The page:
Minneapolis Draft Comprehensive Plan Revealed
The city of Minneapolis is updating its comprehensive plan—Planetizen readers will recall that the plan already made news for proposing zoning to allow "fourplexes" in single-family neighborhoods around the city.
The city hadn't even rolled out the initial draft of the comprehensive plan update yet, but the news about the fourplexes amounted to an "unscripted, hair-on-fire introduction to the public," according to Peter Callaghan.
Late last week city staff actually did introduce the draft comprehensive plan to the city's Planning Commission, and as reported by Callaghan, there is a lot more detail to attend to other than the headlining news about fourplexes.
The ten-year update of the plan will guide development in the city through 2040, "[reflecting] directions by the council for the city to absorb a growing population as well as build denser neighborhoods with better access to transit, employment and services." The plan is available for review on an interactive website.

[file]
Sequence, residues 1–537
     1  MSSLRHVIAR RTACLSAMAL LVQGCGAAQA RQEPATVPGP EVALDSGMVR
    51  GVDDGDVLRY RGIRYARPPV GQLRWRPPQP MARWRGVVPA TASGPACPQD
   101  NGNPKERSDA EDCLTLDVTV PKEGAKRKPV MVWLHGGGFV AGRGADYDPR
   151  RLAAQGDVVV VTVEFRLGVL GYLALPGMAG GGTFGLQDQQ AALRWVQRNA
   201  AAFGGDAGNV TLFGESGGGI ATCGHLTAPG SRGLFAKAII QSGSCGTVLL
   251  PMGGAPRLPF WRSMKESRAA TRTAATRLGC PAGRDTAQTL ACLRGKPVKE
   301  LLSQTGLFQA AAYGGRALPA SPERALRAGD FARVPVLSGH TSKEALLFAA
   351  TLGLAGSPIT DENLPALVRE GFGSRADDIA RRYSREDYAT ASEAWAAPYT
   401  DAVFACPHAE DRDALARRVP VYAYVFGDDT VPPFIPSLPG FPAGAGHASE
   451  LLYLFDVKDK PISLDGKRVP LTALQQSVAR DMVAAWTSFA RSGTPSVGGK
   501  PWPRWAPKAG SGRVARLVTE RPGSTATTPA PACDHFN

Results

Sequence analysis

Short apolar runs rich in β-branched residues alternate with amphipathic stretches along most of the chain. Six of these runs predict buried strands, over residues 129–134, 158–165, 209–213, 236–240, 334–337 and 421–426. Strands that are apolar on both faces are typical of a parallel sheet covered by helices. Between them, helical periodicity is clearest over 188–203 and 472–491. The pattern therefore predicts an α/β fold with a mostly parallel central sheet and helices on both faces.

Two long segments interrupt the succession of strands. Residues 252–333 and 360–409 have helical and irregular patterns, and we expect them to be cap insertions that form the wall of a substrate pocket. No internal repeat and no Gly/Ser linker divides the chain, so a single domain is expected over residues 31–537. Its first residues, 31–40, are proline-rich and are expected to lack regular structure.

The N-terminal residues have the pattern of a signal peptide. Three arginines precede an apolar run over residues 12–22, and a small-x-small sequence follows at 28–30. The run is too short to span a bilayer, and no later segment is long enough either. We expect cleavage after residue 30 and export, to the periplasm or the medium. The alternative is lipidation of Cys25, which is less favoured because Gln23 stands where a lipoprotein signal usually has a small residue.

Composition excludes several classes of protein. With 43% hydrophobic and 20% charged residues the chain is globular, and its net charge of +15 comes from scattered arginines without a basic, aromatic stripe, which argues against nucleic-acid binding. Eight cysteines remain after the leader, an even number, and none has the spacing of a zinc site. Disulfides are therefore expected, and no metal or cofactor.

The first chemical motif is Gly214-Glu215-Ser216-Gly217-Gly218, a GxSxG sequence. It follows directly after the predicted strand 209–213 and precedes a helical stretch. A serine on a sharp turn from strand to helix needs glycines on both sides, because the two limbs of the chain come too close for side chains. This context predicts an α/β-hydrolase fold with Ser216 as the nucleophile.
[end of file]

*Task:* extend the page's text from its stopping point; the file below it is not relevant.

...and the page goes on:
As for the nitty-gritty of the new plan, especially all nitty-gritty not called fourplexes, Callaghan takes a dive into the draft plan, introducing new terminology, the plan's approach to affordable housing (the plan does not propose inclusionary zoning, although the idea has been bandied about in Minneapolis in recent months), changes to parking requirements, and the possibility of more development intensity in parts of the city already attracting development investment. Callaghan list a lot more of the details included in the plan.
Callaghan also addresses the fallout from the "fourplex fracas," which "put the city on the defensive." Some opponents have taken to calling the idea "freyplexes," named after Minneapolis Mayor Jacob Frey.